The Extraordinary Experience of Building the Montreal Protocol, Lessons Learned, and Hopes for Future Climate Change Efforts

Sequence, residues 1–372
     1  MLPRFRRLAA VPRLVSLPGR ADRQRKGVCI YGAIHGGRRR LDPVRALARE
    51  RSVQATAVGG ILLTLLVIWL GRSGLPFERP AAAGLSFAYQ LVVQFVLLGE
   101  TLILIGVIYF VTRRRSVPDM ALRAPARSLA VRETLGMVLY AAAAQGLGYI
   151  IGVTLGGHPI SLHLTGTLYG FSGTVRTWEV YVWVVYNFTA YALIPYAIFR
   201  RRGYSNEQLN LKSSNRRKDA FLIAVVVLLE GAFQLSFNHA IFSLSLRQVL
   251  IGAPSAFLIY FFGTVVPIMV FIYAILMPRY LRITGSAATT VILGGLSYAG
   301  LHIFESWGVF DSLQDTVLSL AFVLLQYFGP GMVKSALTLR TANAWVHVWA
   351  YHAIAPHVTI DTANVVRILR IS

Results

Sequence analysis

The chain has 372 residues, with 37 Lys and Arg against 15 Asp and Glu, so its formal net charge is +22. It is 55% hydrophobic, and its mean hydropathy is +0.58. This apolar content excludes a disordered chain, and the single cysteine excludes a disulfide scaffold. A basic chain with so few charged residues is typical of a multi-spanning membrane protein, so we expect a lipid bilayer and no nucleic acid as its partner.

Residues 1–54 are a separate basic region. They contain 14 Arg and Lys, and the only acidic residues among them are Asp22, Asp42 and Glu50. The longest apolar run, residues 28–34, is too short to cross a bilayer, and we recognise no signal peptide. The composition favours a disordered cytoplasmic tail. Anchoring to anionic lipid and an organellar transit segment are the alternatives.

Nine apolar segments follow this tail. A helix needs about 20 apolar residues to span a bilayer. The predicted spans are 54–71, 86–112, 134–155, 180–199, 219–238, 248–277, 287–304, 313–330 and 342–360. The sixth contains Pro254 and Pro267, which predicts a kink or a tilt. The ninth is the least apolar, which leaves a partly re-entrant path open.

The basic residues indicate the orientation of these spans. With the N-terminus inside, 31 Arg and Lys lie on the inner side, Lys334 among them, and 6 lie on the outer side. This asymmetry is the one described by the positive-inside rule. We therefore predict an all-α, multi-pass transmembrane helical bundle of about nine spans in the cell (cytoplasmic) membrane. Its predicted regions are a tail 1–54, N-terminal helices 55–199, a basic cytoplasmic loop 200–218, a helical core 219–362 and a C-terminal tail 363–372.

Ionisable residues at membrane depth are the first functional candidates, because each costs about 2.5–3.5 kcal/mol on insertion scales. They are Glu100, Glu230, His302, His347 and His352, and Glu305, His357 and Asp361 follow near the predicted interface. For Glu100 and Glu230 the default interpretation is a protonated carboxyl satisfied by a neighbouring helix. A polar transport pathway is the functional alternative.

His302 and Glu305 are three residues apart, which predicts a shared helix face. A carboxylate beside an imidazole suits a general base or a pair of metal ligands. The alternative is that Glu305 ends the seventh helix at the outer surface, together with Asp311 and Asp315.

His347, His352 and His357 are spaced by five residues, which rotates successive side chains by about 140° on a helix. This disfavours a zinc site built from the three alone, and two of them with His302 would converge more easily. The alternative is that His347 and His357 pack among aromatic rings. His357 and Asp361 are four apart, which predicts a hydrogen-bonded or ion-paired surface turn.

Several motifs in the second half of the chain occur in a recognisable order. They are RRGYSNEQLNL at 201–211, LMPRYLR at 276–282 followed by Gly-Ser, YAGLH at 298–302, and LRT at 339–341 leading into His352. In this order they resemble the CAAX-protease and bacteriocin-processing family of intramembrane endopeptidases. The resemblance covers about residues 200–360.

This special issue on Ozone Layer Protection and Climate Change reflects the leadership of the Association of Environmental Studies and Sciences (AESS) in drawing interdisciplinary attention to important environmental issues. The authors are scientists, diplomats, regulatory authorities, environmental activists, and scholars who are intimately involved in actions that protect the stratospheric ozone layer and climate. This issue provides new information and insightful analytic summaries of critical issues in the protection of the atmospheric environment and is also an urgent appeal to professors and students to place atmospheric protection prominently in thinking, research, teaching, and professional activities related to “sustainable development.” The authors describe and document the bold steps taken by individual and institutional leaders involved in the Montreal Protocol to thwart catastrophic ozone layer destruction, which incidentally, albeit on a sound scientific basis, addressed climate change. Because of strong leadership, effective networking, and concepts such the “precautionary principle” and “start and strengthen,” the Montreal Protocol is considered to be the most successful global environmental treaty. For example, thanks to innovative approaches adopted by both industry and government, the Montreal Protocol has already replaced about 85 % of ozone-depleting greenhouse gases with low global warming potential alternatives and increased product energy efficiency. But hardwork is needed to overcome the important challenges that remain, such as the phasedown of the 15 % of alternatives that are high global warming potential hydrofluorocarbons. Scientists, government officials, scholars, and business people must push for higher standards to achieve the combined goals of reducing both ozone-depleting substances and greenhouse gases.